By 1905, Gerrish had retired, and he enjoyed his new free time by traveling abroad. In 1922, Gerrish’s widow Alice sold the nursery which was owned and operated as a summer camp by Boston Council, Boy Scouts of America (1923 -1957) and as the Ted Williams Camp and Lakeville Baseball Camp.

J. H. Hale, “Fruit Growing in Massachusetts”, Fortieth Annual Report of the Secretary of the Massachusetts State Board of Agriculture, Together with the Tenth Annual Report of the State Agricultural Experiment Station. Boston: Commonwealth of Massachusetts, 1892.

Middleboro Gazette, “Massachusetts Peaches Again”, September 13, 1895, page 2.

Plymouth County Registry of Deeds 571:502; 576:104; 854:399; 932:132; 1406:117; 1431:411; 1542:338; 2613:66; 2704:403

Saturday, October 16, 2010

The Burning of Alden, Walker & Wilde, 1904

Alden, Walker & Wilde Manufactory Ruins, newspaper halftone of original October, 1904 photograph.
The view depicts the aftermath of the October 4, 1904, fire which largely destroyed the Alden, Walker & Wilde shoe manufactory on Clifford Street.  Visible to the left is a portion of the Clifford Street facade.  The building's north side (facing towards Wareham Street) occupies the center of the photograph with the Jenks Building just out of the camera's range on the right.  The amount of water and the fact that the fire department's hoses remain along Clifford Street (foreground) indicate that the photograph was taken on the day of the fire.

On October 4, 1904, what was described as the worst fire in Middleborough in over 20 years virtually destroyed the shoe manufactory of Alden, Walker & Wilde on Clifford Street and compelled the firm to remove from town. Built in 1875, the manufactory building ruined in the blaze had initially been occupied by the Domestic Needle Works and its successors, and later by the W. H. Schlueter & Company, before being acquired by Alden, Walker & Wilde.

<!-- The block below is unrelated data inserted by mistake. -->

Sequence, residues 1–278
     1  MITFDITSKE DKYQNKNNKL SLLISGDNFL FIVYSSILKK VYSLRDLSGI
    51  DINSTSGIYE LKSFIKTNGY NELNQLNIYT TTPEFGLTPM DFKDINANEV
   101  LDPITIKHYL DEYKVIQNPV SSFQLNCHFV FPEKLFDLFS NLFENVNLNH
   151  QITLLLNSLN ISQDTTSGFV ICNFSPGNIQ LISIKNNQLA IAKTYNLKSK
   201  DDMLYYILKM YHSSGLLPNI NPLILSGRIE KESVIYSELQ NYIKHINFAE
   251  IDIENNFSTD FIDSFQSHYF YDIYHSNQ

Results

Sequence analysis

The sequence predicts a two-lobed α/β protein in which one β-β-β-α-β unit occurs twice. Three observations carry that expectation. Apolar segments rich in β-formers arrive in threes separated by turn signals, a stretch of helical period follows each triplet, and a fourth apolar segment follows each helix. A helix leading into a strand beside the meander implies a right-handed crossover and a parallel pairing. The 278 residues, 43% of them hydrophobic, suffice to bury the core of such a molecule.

Organized in 1900 by Arthur H. Alden, George W. Walker and William H. Wilde who had formerly been associated with Hathaway, Soule & Harrington, an earlier shoe manufacturing firm in Middleborough,  Alden, Walker & Wilde rapidly became one of the principal shoe producers in town. At the time of the 1904 fire, the firm employed some 100 hands to manufacture high quality men’s dress shoes and was reportedly paying high wages.

During the early morning of the October 4th, Eldred R. Waters who resided around the corner on Wareham Street was the first to notice the fire which originated in the rear of the building. “He rushed to the road, crying ‘fire’ and soon residents of the dwellings surrounding responded and an alarm was pulled in.” Due to some unspecified malfunctioning of the alarm, however, there was a delay in the fire department’s response, a delay which would ultimately prove “costly.”

The fire spread through the wood frame building rapidly, fueled by the shoes, leather and paper packing boxes within. “Floors dropped under the weight of the shafting and heavy machinery, sections of the building and roof fell off, the firemen narrowly escaping injury."

Middleborough Fire Chief Charles W. Kingman described the difficulty of the task in the report which he wrote subsequent to the fire: